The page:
"Sexing Hitler" Review by kellyluck

The history of the inflatable sex doll is a grotesque but interesting one. As far back as the seventeenth century, sailors were carrying homemade "Dames de Voyage" with them on long trips. In the 20th century, we begin to see commercially manufactured ones, with careful attention to detail extending so far as fluid secretions by way of concealed pumps, etc. But the inflatable doll we generally think of nowadays traces its origin straight back to the Third Reich, where it was developed as a means to combat the ongoing threat of syphilis. It is this story that Sexing Hitler tells with wit, thoughtfulness, and yes, even a little charm.

Heinrich Himmler (Andy Garrison gleefully strutting the line between swagger and camp) orders Dr. Arthur Rink (Parry Luellen) and Senta Schneider (Marcie Ramirez) to develop a "comforter" for the troops so they will stop patronizing French Prostitutes. "We are losing more men to the 'French disease' than to the French guns!" Despite the sheer awkwardness of the assignment, the two work together, managing to produce an item and begin putting it through the rigorous testing with a series of soldiers (all played ably by Eric Tedder), each of which reacts to the doll in his own way. As the project drags on, and more and more uncomfortable truths about gender and sexuality are dragged to the light by way of the doll, Himmler becomes impatient. He wants - demands - the doll be more than a simple comforter. It must be an inspiration, a very model of the Germany to come. It must be the muse that sends the men forward across Europe and the world.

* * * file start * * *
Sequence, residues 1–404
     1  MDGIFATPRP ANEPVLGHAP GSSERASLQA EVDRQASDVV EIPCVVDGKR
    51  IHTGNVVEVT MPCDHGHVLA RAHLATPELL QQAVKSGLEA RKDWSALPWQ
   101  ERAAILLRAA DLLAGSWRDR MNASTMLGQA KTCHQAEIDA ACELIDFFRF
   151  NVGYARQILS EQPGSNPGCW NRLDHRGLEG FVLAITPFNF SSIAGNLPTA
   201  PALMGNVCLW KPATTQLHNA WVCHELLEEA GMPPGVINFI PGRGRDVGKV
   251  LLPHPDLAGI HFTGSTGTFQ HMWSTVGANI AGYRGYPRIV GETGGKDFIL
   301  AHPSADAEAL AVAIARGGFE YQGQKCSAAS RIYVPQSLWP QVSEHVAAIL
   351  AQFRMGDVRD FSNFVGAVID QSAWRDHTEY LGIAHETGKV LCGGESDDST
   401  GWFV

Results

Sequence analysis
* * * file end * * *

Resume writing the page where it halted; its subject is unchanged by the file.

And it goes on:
The creative team behind the play are no strangers to the Fringe, and their experience shows. Bryan Colley and Tara Varney have written some very memorable productions, and this will no doubt be another one. The script is sly, witty and incisive and even sympathetic by turns. Interspersed with the historical events portrayed (it is based on the actual history of the doll) are a series of rather notorious quotations on eugenics by various intellectuals and luminaries, performed by Christian Hankel. These provide perspective as the researchers labor to build the Aryan Dream.

Special notice must be given to Amy Hurrelbrink, who doubles as The Doll, and as Haschen Potthast, Himmler's secretary/mistress who ultimately becomes its model. She flips between the roles easily, morphing from gynoid to tittering arm candy almost without break. It is interesting to compare the dual roles: as the story progresses, each becomes the template upon which others impress their desires. In a play filled with strong performances, she is nonetheless a standout.

It takes a certain nerve to pull off something like this, not to mention a not inconsiderable amount of skill. Fortunately, the story is in excellent hands. Definitely a highlight of this year's Fringe, Sexing Hitler is not to be missed.

from KC Stage

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